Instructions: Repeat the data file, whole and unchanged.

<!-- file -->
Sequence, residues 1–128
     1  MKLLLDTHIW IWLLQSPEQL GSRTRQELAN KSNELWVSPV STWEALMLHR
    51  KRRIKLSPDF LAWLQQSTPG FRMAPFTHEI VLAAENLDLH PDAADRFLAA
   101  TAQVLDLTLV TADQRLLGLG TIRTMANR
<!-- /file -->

Sequence, residues 1–128
     1  MKLLLDTHIW IWLLQSPEQL GSRTRQELAN KSNELWVSPV STWEALMLHR
    51  KRRIKLSPDF LAWLQQSTPG FRMAPFTHEI VLAAENLDLH PDAADRFLAA
   101  TAQVLDLTLV TADQRLLGLG TIRTMANR